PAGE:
Return with Honor is a new nonprofit in Brunswick County dedicated to creating employment opportunities and training for people who have served in the military and are ex-offenders. Specifically, Return with Honor will hire people who have served in the military to train and mange people who are on house arrest, work release, probation, parole or weekend jail. The goal is to address employment issues for people who served in the military and to help reduce recidivism by creating a strong reentry program for the criminally involved.
This combination of helping employ ex-military and ex-offenders is exactly the type of community based program desperately needed in North Carolina. To reduce the overuse of jails and prisons, there must be support systems available to those people reentering society to break the cycle of recidivism. In 2015-2016, North Carolina released almost 24,000 people from prison. This number does not include all the people who reenter communities from jails and probation. The Carolina Justice Policy Center makes it a priority to support entities that are working to make reentry a positive experience that reduces recidivism.
Return with Honor is hosting an open house on April 6, 2017 from noon until 1pm. Learn more about Return with Honor »
House Bill 233, entitled Ban the Box, can make getting a job a little bit easier for those people with prior convictions. Primary sponsors are Democratic Whips, Rep. Garland Pierce and Rodney Moore, along with Rep. Cecil Brockman and Rep. Charles Graham.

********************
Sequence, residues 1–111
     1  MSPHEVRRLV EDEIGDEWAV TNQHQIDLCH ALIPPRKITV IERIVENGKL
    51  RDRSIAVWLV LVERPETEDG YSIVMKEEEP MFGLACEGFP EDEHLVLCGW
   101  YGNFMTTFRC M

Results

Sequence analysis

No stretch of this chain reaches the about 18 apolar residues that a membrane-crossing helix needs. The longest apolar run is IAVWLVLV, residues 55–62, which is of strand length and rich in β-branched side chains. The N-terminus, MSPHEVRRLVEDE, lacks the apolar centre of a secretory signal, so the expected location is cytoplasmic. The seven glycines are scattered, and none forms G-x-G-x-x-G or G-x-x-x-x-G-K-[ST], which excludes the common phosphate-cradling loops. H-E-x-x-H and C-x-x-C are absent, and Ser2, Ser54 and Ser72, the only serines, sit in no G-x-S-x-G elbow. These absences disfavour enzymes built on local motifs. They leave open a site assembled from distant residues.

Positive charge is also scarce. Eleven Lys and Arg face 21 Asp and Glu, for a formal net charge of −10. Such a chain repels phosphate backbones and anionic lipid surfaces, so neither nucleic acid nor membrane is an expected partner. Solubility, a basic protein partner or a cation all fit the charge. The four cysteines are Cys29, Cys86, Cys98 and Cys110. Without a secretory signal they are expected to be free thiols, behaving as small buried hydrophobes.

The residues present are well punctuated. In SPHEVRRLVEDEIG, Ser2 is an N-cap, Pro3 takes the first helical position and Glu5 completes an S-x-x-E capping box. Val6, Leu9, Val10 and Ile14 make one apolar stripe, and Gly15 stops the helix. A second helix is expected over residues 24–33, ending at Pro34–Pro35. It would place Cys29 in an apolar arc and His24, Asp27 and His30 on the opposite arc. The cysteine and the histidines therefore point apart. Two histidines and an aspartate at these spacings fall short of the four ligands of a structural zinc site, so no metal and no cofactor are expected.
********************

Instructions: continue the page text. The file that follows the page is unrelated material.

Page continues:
The bill’s primary purpose is to reduce barriers to employment for people with criminal histories, and decrease unemployment in communities with concentrated numbers of people with criminal records. The goal of the bill is to reduce recidivism and improve economic stability for communities. Rep. Chuck McGrady, the sole Republican signed on to the bill, is also a primary sponsor for raising the juvenile age, which is also designed to reduce long term recidivism and improve economic and social stability in North Carolina.
Contrary to many of the misconceptions about this bill, it does not prevent employers from learning about the criminal history of individuals applying for positions. The bill calls for the elimination of the requirement to disclose that the applicant has a criminal record on the initial application. This change will allow job seekers with criminal back grounds to make a first impression on the employer without the negative stigma of knowing the applicant made a mistake in the past. The bill would only remove the question of previous criminal convictions from most city, county, and state job applications.
Dennis Gaddy, with Community Success Initiative, told the News and Observer that having a job reduces a person’s chance of going back to prison by 50 percent. Carolina Justice Policy Center works to support efforts to help reduce recidivism and improve the quality of North Carolina communities.
Read more about the Ban the Box bill »
As we reported in our last update, the U.S. Department of Justice (DOJ), Office of Justice Programs (OJP) Bureau of Justice Assistance (BJA) is seeking applications for funding for the Justice and Mental Health Collaboration Program. The purpose of this grant is to help communities create and continue cross-system collaborations for people with mental health issues that may become justice involved. To promote the grant, a series of webinars were presented to help grant seekers understand the process.
Units of local government are eligible to apply for this grant. To be considered for the grant the application must demonstrate that the proposed project involves collaboration between criminal justice and mental health agencies. The deadline for submission for this grant is April 4, 2017. The application can be accessed online.